University of Arkansas

Karen Culcasi, Graduate Student Paper Award Committee
West Virginia University

Emma Norman, Undergraduate Student Paper Award Committee
Michigan Technological University

Stephanie Wilbrand, Undergraduate Student Paper Award Committee
University of Wisconsin-Madison

Elyse Gordon, Student Representative
University of Washington

PGSG would also like to thank everyone who attended the pre-conference at USF, and our local coordinators in the School of Geosciences, Jayajit Chakraborty and Pratyusha Basu!

CFP: East – West Borderscapes (Trieste / Koper-Capodistria)



Trieste, Italy / Koper-Capodistria, Slovenia

October 2 – 4, 2014

From October 2 – 4, 2014, the Association of Slovenian Geographers (ZGS), in co-operation with the Association of Italian Geographers (AGEI), the University of Trieste (UNITS), Italy and the University of Primorska (UP) will host the meeting of the IGU’s Commission on Political Geography (IGU CPG).  The conference will elaborate on spatial imprints of WW 1 on the European border areas. The meeting will consist of sessions and one-day excursion (including field-work related sessions). The conference locations are Trieste, Italy and Koper-Capodistria, Slovenia; the excursion will take participants to the WW 1 Isonzo battle fields, the EU award winning WW 1 museum in Kobarid, Slovenia and to places where post-WW 1 imprints of the have left substantial marks in the natural, cultural and political landscape of Europe. After the closing of the IGU CPG conference a round table discussion on Dark Tourism is envisioned at the location of the Faculty of Tourism Studies TURISTICA in Portorož-Portorose, Slovenia.

Subject: The centennial of the beginning of WW 1 is the occasion to discuss the war tragedies and multiple effects of the post-WW1 political decisions. The spatial arrangements after WW1 have strengthened new political players in Europe and have produced new spaces of confrontation. For example, in the Alps-Adriatic Europe the fragmentation of the Austro-Hungarian Empire, the geographical enlargement of the Italian Kingdom, and the evolution of Central European nation-states, induced by the US democratic ideals, have produced new borders and a variety of states on Europe’s political map. The post-WW 1 peace settlements in Europe are by some academicians and politicians still considered as unjust. Ethnic, economic and political boundaries do not coincide; the quest for territory was for a substantial amount of time the urge of irredentist fascist, national-socialist and communist regimes in the post-WW1 and WW2 era.

Building on a tradition of previous borderscape conferences, we are looking forward to examine the relationship between spaces of governance in places where substantial change has taken place (as the result of the winning powers). This conference will explore how the post-WW 1 order has impacted the European geographical space and their cultural substance. Political and cultural geography will be the mainframe of the conference. The conference should particular identify major arrangements which have been and still are experienced in the European border areas:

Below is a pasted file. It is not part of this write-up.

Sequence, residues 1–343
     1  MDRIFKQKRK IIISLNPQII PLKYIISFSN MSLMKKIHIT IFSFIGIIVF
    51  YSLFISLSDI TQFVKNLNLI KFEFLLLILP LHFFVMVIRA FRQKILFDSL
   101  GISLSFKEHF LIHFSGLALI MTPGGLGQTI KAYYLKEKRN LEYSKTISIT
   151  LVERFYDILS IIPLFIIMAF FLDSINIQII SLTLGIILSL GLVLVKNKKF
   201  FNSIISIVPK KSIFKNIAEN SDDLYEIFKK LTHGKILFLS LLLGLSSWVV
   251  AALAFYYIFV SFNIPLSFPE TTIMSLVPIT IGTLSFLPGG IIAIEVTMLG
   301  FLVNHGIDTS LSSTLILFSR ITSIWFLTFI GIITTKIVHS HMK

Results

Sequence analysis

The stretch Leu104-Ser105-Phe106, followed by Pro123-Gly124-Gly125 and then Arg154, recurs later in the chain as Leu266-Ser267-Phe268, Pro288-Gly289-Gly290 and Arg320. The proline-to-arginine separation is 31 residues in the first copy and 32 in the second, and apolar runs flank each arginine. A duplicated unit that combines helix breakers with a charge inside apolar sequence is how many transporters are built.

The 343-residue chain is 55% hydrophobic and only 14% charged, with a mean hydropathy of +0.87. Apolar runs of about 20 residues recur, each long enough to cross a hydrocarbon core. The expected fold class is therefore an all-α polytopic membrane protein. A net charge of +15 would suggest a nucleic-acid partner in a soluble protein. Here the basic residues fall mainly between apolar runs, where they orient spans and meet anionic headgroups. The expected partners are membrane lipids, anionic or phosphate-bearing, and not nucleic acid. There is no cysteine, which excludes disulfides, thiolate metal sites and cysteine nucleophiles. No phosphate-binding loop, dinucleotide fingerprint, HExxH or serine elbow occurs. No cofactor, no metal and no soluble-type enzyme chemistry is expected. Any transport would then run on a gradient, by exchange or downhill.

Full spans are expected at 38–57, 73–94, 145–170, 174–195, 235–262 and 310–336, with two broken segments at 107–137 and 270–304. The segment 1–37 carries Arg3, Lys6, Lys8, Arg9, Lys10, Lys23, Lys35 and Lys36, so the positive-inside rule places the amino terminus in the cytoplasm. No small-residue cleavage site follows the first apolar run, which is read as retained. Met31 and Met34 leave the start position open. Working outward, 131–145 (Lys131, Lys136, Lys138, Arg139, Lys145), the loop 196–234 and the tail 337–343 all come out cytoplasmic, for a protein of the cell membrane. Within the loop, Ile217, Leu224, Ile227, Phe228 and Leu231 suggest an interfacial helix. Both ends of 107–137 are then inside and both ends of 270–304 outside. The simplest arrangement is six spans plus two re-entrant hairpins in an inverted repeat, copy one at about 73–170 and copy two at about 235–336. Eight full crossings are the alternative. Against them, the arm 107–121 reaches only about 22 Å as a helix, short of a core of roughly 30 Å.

• Spatial and political imprints of past empires;
  • Spatial and political imprints of post-WW1 nationalism;
  • Imprints of WW1 and post-WW1 arrangements in contemporary politics, culture and economy.

Case studies from all European borderscapes are welcome. The discussion, and in particular the excursion, will take into consideration the reality of the Alps-Adriatic region where the “Battle of Caporetto” (Kobarid) became synonymous for a total defeat of a nation (for a short while). Other similar European topics and, in particular cross-cultural comparisons of imprints left in border spaces by war and post-WW 1 arrangements are welcome. We would also like to place the attention to the general political, ethnic and economic spheres resulting out of brutal facts as closed borders have for decades separated nations. Illegal migration turned, with the loosening of the regimes, into shopping tourism and finally into tourism with motives related to the WW 1 confrontation areas and arrangements resulting out of it. Key-note speakers will be invited.

Additional information about logistics and registration is available here.

Please show interest to attend the conference EAST-WEST BORDERSCAPES. IMPRINTS OF THE FIRST WORLD WAR ON THE EUROPEAN BORDER LANDSCAPES (Trieste, Italy / Koper-Capodistria, Slovenia October 2 – 4, 2014) by filling out and returning the form linked above (title of your paper and abstract) and by writing/E-mailing it to: anton.gosar@guest.arnes.si and/or zillis@units.it.

Student awards deadline soon!

The PGSG student awards deadline is rapidly approaching: Friday, March 14.

1) MA and PhD student paper awards. These should be 15 pages or less and should be emailed to the graduate student paper award committee.

2) The Dissertation Enhancement Award is granted annually to PGSG student members and includes $1000.00 to support dissertation research (can be used for future or past expenses). Interested students should email an 8-10 page mini-dissertation proposal to the Dissertation Awards Committee.

The full details on the submission process are here. A list of past award recipients is available here.